How much do I owe her? Well, yes, there’s the whole life thing, which is not a simple cliche, since I came along as a kind of surprise she could have terminated. When I asked her why she didn’t, since it forced her to stay with my abusive father for another eighteen years, she said, “I felt I had more love to give.” She was otherwise my model for thinking, for how to think, for how to enjoy life. She was the reader I followed into libraries, into books. She occasionally wrote me excuses from school so we could play hooky together–most memorably at the Finger Lakes Race Track, where she’d give me $20 to bet. Since my high school guidance counselor was always there, sometimes with the district superintendent, we never got found out. She was a fun mom. My friends called her MadDog Marilyn for her habit of going the wrong way down one-way streets. All my friends liked her. At least one came over for heart to heart talks with her when I was away at college, when his own parents virtually abandoned him. She paid my tuition to college, which although it was relatively little those days because I had a scholarship from the state, was still something she could have done without on her secretary’s salary. She was always there to come back to from school. She even gave me the down payment for the house I live in, and with the very smart condition (although it made me crazy then) that the house be in my name only. After a long relationship broke up, she drove up and helped me figure out how to live by myself again; she was a master of the art of the happy solitude. She cheered me up when I was tired. She worried over me, sometimes needlessly but always with an eye on my safety. And in the last year when I visited more often, she let me hug her when she got scared. She certainly made the details after her death easy for my brother and me, setting things up so that nothing needed to go through probate, so that all we’d have to do is sign our names and get what she felt was rightfully ours and not the government’s or some lawyer’s. We kept telling her not to worry about it so much, that we’d take care of things, that we were grown ups and she’d trained us well. She’d look us in the eyes and shake her head. “Listen,” she’d say, and then explain to us yet again what we were to do. I have a folder of things about IRAs she printed off the Internet.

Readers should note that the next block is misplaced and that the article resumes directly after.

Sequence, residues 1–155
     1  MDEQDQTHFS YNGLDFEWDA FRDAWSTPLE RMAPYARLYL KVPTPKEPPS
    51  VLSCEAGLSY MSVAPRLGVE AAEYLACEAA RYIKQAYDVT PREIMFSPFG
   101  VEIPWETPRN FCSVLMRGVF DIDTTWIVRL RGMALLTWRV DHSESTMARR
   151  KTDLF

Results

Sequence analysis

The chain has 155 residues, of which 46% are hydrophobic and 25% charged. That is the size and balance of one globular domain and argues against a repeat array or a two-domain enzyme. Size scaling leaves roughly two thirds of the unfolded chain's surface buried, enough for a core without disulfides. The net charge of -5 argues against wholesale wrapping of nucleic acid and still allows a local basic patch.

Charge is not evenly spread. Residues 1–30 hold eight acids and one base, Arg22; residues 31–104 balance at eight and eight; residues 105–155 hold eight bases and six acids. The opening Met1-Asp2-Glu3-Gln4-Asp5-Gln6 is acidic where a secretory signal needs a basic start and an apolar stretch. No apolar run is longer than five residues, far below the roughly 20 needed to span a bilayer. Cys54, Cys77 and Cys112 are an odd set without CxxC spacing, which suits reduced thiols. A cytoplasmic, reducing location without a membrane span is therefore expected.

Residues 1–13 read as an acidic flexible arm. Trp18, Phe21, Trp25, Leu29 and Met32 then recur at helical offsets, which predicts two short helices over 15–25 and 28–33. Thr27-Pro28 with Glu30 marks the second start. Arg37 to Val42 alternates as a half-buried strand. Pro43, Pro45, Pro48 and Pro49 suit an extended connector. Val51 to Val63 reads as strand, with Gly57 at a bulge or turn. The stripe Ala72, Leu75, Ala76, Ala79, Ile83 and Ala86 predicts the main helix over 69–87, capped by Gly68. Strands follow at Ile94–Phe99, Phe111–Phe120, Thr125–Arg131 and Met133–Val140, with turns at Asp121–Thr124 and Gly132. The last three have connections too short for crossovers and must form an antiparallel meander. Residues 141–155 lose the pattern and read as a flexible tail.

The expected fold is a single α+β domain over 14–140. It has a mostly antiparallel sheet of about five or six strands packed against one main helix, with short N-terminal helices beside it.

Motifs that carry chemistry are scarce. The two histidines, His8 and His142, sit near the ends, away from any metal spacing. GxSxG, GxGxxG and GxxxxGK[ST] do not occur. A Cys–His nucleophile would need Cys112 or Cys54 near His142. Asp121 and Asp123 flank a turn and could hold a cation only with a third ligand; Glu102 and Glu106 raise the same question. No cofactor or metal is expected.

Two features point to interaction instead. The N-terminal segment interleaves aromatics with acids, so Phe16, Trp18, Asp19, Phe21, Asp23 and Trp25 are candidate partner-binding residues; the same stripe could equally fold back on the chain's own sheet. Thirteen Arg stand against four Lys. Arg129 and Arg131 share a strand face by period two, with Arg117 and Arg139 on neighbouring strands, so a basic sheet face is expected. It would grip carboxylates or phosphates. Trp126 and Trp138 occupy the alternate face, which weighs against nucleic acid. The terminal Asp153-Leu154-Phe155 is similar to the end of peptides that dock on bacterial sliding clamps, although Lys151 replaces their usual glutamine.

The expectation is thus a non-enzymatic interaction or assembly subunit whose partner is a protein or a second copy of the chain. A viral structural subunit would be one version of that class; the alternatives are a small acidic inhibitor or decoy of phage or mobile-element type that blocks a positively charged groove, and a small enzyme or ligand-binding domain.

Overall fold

I realized the other day I still have a dozen or so messages from her on my voicemail. I’m still trying to figure out what to do with those traces. I haven’t yet played one back. She herself would have wanted me to get on with my life, not get bogged down with sadness. But the sadness is also a measure of my love for her, my pride at having gotten to be her child all these years. She was a terrific mother, which I told her every year.